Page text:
EU’s Nature Restoration Law: A Bold Vision or Empty Promises?

Controversial Nature Restoration Law Sparks Debate Over Peatland Restoration Targets

The recently agreed Nature Restoration Law has been met with a mix of praise and criticism at the EU level, with some expressing concerns about its level of ambition, particularly in relation to peatland restoration. On Thursday, November 9, a provisional political agreement was reached between the European Parliament and the EU Council regarding the controversial law. The text of the law sets targets for the restoration of drained peatlands under agricultural use, aiming to restore 30% by 2030, 40% by 2040, and 50% by 2050. However, flexibility will be provided when it comes to rewetting peatlands, allowing strongly affected member states to apply lower percentages. It is important to note that reaching rewetting targets does not impose any obligations on farmers or private landowners. Furthermore, an “emergency brake” provision will allow for the suspension of agricultural ecosystem targets in the event of severe EU-wide consequences on land availability for food production.

Mick Wallace, a Nature Restoration Law MEP and member of the Left in the European Parliament, expressed disappointment in the final text, particularly in terms of peatlands. He believes that the percentage area targets for restoration and rewetting are not ambitious enough, considering the climate and biodiversity crises. Wallace specifically criticized the European People’s Party (EPP), of which Fine Gael is a member, accusing the party of undermining the law. Despite welcoming certain aspects of the agreed text, he believes that more nature legislation will be necessary, as the Nature Restoration Law alone will not be sufficient to address the biodiversity crisis. German MEP Christine Schneider, who participated in the negotiations for the EPP group, stated that the party is pleased the final text differs significantly from the original proposal. She described the commission’s original proposal as “ideologically driven, practically infeasible, and a disaster for farmers, forest owners, fishermen, and local and regional authorities.” The EPP highlighted notable improvements in the text, such as the exclusion of the Common Agricultural Policy (CAP) for nature restoration measures and the prioritization of Natura 2000 areas.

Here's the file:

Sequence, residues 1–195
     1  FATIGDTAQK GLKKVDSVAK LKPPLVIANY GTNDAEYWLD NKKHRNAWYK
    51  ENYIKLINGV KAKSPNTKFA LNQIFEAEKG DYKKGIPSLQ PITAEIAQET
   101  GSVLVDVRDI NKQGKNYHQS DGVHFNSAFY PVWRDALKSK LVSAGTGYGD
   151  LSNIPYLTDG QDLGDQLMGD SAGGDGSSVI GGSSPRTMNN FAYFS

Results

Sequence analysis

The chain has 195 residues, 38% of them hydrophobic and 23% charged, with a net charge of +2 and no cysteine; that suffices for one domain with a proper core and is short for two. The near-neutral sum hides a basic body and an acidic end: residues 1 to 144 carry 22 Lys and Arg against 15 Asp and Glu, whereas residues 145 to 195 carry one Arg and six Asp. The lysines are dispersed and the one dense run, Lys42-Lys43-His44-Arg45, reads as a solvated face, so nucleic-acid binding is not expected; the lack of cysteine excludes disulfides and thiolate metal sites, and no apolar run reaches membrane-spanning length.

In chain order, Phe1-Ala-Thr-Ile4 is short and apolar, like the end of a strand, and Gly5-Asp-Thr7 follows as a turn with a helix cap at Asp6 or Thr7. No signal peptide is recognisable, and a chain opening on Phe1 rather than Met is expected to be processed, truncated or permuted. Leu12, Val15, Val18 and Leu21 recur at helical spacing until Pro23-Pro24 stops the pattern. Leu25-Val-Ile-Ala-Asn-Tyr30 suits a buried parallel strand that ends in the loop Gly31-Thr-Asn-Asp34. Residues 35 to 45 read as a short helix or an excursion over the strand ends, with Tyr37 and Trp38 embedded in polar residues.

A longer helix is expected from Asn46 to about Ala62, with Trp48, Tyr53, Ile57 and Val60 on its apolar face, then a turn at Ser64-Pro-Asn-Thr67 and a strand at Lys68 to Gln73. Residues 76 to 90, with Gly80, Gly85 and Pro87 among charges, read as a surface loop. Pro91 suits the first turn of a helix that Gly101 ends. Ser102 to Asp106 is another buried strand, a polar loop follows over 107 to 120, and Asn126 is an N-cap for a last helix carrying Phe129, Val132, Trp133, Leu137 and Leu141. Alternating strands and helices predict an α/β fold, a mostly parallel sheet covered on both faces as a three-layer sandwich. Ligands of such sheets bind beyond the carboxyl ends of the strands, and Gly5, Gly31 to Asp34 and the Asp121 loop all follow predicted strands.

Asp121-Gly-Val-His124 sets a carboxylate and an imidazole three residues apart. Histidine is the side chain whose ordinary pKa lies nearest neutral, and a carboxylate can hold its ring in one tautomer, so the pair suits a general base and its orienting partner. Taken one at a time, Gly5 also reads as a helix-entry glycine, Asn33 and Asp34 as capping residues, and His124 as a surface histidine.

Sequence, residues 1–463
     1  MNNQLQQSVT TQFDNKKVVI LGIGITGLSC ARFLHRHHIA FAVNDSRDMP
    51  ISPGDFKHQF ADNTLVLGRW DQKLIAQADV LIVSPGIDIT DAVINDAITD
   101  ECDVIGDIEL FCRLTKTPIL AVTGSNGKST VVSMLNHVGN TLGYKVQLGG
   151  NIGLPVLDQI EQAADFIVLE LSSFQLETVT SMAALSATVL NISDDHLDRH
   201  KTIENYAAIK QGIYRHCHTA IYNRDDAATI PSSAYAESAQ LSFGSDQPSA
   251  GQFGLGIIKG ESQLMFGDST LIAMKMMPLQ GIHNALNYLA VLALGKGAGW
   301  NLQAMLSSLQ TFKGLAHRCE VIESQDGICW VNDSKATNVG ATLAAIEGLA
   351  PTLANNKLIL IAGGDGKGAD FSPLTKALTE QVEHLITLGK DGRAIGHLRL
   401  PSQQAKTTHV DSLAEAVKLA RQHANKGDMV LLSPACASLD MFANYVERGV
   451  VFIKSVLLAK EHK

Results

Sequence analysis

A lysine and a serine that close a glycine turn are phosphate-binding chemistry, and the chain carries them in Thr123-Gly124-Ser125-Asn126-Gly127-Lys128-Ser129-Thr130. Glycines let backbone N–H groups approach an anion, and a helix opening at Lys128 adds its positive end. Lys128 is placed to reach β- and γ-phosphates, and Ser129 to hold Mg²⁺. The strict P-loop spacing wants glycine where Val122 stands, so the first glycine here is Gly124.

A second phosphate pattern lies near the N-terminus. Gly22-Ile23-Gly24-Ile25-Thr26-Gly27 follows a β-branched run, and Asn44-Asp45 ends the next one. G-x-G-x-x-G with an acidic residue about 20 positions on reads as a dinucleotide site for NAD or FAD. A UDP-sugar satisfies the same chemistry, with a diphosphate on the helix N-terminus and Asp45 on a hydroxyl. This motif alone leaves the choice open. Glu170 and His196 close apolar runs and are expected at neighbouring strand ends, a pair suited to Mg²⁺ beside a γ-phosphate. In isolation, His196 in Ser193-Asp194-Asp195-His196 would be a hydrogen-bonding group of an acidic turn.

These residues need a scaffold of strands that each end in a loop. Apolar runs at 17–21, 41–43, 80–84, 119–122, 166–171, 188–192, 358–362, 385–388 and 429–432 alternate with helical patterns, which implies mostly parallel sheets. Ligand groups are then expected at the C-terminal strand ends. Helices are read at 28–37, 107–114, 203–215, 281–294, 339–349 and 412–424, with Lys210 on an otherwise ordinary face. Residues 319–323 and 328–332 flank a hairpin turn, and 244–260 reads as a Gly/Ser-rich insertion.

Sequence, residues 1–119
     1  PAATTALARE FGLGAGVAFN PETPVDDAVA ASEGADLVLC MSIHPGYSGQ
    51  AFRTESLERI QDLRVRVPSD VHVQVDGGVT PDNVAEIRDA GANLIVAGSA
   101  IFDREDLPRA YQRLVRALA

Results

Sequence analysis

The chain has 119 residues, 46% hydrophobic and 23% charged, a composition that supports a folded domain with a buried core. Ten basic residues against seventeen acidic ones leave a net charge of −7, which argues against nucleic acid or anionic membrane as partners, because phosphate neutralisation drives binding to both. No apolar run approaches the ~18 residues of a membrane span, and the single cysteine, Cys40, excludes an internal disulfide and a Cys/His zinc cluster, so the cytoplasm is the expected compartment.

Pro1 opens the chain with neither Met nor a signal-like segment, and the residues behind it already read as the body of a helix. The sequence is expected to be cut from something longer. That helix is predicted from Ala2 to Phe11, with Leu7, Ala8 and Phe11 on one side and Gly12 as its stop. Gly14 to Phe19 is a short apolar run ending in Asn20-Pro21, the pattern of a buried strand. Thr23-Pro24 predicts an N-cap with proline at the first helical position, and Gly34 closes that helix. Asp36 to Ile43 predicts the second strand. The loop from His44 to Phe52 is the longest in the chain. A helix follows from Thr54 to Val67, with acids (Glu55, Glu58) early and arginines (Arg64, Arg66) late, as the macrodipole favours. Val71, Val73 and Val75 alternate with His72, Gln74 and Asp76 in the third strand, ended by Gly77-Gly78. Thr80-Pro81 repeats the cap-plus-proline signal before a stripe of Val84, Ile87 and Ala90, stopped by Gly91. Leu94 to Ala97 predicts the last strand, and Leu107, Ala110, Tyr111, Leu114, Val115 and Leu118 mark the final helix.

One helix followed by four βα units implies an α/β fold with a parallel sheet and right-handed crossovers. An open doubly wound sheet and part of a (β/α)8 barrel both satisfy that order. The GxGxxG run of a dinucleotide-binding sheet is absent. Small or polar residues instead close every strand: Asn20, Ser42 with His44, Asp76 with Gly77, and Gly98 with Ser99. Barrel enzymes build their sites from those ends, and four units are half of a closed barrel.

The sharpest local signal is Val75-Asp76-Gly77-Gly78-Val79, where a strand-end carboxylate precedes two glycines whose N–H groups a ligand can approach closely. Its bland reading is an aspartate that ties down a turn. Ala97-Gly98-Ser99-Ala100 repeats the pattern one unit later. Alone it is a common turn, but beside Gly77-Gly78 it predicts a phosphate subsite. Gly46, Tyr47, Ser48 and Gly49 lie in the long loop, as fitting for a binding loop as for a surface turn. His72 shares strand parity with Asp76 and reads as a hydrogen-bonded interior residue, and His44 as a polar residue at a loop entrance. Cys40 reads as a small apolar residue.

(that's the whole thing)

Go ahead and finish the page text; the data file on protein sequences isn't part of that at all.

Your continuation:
Green Party MEP Grace O’Sullivan welcomed the agreement, emphasizing its relevance for Ireland, which she described as having the “most depleted wetland habitats” on the planet. While acknowledging that the Nature Restoration Law is not perfect, O’Sullivan, who sits on the European Parliament’s Environment Committee, sees it as a crucial step towards reversing the negative impact on nature and recognizing the benefits of nature restoration for the economy, food production, and public health. Green Party MEP Ciarán Cuffe also expressed satisfaction with the agreement, stating that it represents a fair and pragmatic approach that will help reverse the decline of pollinators and restore peatlands. A final vote on the law is expected to take place in early 2024.

In conclusion, the agreed Nature Restoration Law has received a mixed response, with some expressing concerns about its level of ambition, particularly in relation to peatland restoration. However, others have welcomed the law, highlighting its potential benefits for the environment, economy, and public health. The final text of the law differs significantly from the original proposal, addressing some of the criticisms raised during the negotiation process. While it may not be perfect, it is seen as an important step towards reversing the decline of pollinators and restoring peatlands. The law will now proceed to a final vote in the European Parliament in early 2024.

Matt Lyons

Matt Lyons

Matt Lyons is the founder of Forestry & Carbon. Matt has over 25 years as a forestry consultant and is invoilved in numerous carbon credit offset projects.

Leave a Replay

Scroll to Top